Review - Geomag Mechanics - Gravity Shoot & Catch
Geomag magnetic construction sets are fun and educational STEM (Science, Technology, Engineering and Mathematics) toys for all ages and in many price ranges. Hours of magnetic fun without the need for screens!
What we thought…
*for less drivel about us and more about the product, scroll to the end.
The Gravity Shoot and Catch set helps you build a track which is like a magnetic marble run. Using a combo of gravity and magnets, you can send a steel ball from one end of the track to the other via some some cool obstacles you’ve made yourself using magnetic forces and all sorts of science. (for a more in depth look into this science, look below).
We have science brain’s in our house (not mine obviously, I’m more Corrie than QI etc let’s face it) but Rocky and his Dad have those kinds of brains where, metaphorically speaking, they will pull things apart and try and work out how they work before they use them, even if it is just a doorbell. Therefore anything science based is now a big bonus in our house, especially if it is something they can do together. So when Geomag sent us this little beauty in the post…. I panicked and passed the buck to the bald one and made him indoors do it. My brain hurt just reading the box. (see what I mean below!)
The science stuff
Right the nitty gritty, think Meccano but on steroids…. this is bloody tricky, even for an adult, or maybe it was just Hoff. It was hard to watch him try to set it up and bite his tongue instead of Rocky’s head off when he tried to ‘help’ him. '“Fiddly and wobbly” were Rocky’s description words of the set up but when asked if he had learnt anything he did respond with some cracking STEM (science, tech, engineering, maths) analogies which was a bit of a shock to my ears. So obviously it does do the learning aspect trick.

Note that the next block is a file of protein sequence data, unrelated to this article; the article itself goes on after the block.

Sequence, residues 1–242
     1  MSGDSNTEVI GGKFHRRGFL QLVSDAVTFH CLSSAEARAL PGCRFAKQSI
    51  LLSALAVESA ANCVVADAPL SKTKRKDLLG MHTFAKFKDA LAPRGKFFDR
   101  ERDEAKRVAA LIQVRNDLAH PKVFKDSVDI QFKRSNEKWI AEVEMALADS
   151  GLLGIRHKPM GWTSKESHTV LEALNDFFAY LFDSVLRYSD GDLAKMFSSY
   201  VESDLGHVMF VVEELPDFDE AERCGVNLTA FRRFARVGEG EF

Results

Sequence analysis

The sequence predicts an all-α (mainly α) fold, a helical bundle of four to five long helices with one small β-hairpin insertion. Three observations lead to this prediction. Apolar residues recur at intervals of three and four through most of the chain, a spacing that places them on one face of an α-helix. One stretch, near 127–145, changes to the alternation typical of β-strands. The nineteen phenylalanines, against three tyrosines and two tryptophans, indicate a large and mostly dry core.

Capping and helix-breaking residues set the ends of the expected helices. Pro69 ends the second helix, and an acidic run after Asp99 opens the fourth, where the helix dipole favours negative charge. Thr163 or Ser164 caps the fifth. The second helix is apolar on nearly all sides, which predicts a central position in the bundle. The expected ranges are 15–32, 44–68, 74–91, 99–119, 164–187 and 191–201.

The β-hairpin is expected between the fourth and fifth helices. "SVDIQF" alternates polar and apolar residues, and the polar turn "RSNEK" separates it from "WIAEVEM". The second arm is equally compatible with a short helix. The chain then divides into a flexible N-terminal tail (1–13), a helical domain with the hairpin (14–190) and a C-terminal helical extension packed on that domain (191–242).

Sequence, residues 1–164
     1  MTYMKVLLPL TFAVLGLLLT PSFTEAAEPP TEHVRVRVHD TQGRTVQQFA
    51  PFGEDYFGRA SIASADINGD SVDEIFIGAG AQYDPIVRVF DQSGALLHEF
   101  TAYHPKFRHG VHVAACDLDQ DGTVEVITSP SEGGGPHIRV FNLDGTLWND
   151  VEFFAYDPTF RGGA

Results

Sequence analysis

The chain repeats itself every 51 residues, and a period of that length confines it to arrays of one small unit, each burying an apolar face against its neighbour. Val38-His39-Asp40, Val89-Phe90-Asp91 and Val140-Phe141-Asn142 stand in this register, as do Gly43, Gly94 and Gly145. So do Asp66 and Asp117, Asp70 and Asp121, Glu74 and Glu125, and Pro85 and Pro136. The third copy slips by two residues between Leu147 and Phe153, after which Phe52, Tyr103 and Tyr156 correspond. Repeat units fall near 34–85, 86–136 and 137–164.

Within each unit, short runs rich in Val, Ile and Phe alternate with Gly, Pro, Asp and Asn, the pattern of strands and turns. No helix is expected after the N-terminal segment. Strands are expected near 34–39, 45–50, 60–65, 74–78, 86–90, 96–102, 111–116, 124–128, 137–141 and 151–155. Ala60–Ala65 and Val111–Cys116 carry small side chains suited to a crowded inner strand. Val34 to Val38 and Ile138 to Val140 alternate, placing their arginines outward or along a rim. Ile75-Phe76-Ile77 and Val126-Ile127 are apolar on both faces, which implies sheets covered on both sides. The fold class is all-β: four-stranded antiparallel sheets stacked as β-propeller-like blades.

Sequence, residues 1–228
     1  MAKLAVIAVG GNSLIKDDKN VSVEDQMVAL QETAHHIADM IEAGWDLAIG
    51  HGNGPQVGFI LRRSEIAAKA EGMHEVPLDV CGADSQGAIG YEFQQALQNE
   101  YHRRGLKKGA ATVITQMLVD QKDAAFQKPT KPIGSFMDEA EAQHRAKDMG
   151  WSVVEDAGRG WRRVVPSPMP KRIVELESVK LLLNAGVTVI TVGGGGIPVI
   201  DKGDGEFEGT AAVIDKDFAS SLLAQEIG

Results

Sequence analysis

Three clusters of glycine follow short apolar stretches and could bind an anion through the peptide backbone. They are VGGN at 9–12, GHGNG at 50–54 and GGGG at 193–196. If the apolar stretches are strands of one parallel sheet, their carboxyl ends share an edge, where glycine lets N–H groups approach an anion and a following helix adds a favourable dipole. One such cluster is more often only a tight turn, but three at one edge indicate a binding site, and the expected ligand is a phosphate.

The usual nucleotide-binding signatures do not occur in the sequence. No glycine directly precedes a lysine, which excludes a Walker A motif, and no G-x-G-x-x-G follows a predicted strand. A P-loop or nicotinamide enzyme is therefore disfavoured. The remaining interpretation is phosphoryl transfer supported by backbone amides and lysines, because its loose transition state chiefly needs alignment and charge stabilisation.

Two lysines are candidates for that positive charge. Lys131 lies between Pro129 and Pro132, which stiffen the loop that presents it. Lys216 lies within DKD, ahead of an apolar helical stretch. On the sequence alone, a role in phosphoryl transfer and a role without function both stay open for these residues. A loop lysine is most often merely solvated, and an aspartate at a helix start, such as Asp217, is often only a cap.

It has 2 instruction manuals, the first explains how to make the various mechanisms; the magnetic transmission, magnetic cannon, gravity motor, stop and go and magnetic catcher. The other has step-by-step instructions on how to put together the tracks… easier said than done. Don’t try with false nails.
I think this might be a group activity for maybe a class of 9-11 year olds (year 5 or 6’s) and their teacher or an older child who really like’s to build. I would say age 7 alone might be pushing it a bit. It is clever though, I might lend it to Rocky's friend’s in Year 5 or 6 at his school to see what they think and then update you below. I like to get a different perspective sometimes, makes for more interesting reading.
Choking hazard! Contains small parts keep away from small children.
Contains magnetic parts. Keep away from sensitive devices such as credit cards, computers, magnetic media and medical devices (pacemakers)
STEM - stimulates scientific learning
37.8 x 22 x 7.5 cm
In the box…
11 magnetic rods
36 steel spheres
196 plastic mechanical elements
2 instruction booklets
Where to buy…
I was not paid for this review, however I was given the product to keep in exchange for my honest opinion of the item and it's features. Please see the T&C's at the bottom of the page for more information.